Here’s an example. Nadia and a guy are in a room. Killer enters and shoots the guy then runs out. Lucas is nearby, hears gunshots, and sees the killer running. Lucas goes to Nadia and sees the guy shot. Lucas calls 911 giving information, tells Nadia to stay with the guy, and then runs off to chase the killer. Lucas is a good runner and gets close to the killer. Why didn’t Nadia do anything? She could have called 911. But no, Lucas has to delay his chase to make the phone call while Nadia stands there and watches. Why couldn’t Nadia chase the killer? Nadia is a Russian agent, not a shrinking violet fragile female. She’s cardboard.
I was eager to read about Letty, a 12-year-old Lucas meets in book #14 (the previous book). She shoots a rifle and traps muskrats. I hoped she would have a bigger role in this book, but she had no role. The only thing said was Lucas was her guardian.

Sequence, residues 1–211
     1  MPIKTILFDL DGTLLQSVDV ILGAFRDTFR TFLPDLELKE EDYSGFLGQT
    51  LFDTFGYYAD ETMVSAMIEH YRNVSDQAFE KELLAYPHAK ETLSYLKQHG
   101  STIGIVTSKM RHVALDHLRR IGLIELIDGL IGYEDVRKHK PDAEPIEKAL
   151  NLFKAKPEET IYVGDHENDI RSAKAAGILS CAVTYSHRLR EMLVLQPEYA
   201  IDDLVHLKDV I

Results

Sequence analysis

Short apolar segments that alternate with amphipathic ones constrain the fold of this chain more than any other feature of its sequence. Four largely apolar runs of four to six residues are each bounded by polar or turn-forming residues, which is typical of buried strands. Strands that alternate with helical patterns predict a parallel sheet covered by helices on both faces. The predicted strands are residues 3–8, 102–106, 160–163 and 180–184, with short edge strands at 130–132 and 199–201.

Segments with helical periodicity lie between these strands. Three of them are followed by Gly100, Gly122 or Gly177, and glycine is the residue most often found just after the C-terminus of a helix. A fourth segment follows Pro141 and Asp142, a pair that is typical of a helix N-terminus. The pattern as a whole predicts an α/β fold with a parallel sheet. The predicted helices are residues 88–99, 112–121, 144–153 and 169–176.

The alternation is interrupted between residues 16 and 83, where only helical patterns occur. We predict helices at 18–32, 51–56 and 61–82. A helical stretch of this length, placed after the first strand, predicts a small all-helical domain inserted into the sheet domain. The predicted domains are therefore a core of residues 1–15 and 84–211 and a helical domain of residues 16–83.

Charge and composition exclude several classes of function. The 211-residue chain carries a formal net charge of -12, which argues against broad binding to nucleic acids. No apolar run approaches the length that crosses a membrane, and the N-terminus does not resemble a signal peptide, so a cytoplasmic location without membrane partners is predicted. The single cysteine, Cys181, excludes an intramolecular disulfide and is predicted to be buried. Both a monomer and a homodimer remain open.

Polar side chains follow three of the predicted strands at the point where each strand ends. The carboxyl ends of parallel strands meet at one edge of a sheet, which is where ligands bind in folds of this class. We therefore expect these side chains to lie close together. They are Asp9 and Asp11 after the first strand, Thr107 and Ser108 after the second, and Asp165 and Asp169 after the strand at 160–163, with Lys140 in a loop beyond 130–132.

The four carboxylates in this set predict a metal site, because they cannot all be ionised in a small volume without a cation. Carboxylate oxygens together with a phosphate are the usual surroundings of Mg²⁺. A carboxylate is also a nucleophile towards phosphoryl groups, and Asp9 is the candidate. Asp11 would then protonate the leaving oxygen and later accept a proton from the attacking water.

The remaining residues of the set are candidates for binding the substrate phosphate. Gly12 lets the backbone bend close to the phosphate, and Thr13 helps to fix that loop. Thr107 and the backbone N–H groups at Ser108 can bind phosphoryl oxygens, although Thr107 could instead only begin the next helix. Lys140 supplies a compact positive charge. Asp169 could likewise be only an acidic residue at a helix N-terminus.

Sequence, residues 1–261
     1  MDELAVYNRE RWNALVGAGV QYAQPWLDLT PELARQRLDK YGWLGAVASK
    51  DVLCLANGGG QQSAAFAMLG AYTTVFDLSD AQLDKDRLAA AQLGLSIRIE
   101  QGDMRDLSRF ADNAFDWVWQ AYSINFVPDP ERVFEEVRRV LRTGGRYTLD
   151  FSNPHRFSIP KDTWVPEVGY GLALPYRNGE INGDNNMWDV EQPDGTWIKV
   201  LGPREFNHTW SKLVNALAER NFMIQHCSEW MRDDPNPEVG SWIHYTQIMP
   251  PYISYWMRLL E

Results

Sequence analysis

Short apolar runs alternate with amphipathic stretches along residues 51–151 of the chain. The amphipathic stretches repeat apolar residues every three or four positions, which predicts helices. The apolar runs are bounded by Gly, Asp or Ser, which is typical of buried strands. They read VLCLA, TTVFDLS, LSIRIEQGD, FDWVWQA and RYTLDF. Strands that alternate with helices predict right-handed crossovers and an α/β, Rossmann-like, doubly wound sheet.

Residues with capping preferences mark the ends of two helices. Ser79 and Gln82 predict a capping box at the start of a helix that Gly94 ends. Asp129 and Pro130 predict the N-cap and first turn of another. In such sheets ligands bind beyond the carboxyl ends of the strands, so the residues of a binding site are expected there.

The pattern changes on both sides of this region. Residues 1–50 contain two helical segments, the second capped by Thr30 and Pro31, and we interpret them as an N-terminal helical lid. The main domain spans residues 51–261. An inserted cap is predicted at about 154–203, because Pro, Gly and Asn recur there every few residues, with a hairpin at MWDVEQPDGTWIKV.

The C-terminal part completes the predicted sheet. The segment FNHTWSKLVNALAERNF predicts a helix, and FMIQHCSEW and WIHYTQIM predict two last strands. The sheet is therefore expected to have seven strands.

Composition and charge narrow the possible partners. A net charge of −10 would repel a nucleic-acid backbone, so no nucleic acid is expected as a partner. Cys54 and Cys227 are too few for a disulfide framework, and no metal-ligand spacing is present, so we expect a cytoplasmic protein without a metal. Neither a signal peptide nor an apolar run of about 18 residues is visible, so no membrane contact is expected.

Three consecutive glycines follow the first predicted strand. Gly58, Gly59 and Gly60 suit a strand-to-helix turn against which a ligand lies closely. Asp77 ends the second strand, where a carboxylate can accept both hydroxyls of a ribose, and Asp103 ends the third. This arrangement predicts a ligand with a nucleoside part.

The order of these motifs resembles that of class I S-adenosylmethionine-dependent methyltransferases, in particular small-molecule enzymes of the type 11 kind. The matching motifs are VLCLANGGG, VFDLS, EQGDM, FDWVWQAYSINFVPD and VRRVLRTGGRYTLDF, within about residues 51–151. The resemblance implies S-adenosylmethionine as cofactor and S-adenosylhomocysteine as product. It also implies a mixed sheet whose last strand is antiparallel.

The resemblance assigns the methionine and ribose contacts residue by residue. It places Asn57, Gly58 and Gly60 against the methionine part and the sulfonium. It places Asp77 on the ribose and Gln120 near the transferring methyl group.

I was impatient with Nadia’s dialogue. She asked too many word meanings which dragged the dialogue. Examples: “The others were tarnished and even had some, I don’t know the English, green coloring on the brass.” “How do you say...” “What’s this ‘upside’?”
Richard Ferrone was good for general narration and men, but not women. He made them sound weird.
Genre: mystery suspense thriller.
Letty could have been better. Last half was good entertainment.
I read book #1 in the series and did not like the womanizing element of Lucas. In this book #14 he’s married, so that should be less. But his female characters come across as cardboard. Part of it is women desiring men, but I don’t see men having intense desire for women. The men are magnets and don’t do anything to earn the attraction. It’s male wishful thinking. It’s a subtle undercurrent. I accept the author’s choice to not have smart, strong, competent women in his character mix. But at least give me something sassy, quirky, or unusual about some women.
The opening murder scene had me glued to the page. Then it was slow creating the back story about everyone. But the last half was top notch. Very engaging. But, when it was over I was confused. I did not know who did what or how in the kidnappings. Who told Sorrell about Deon and Jane? What happened to Joe Kelly?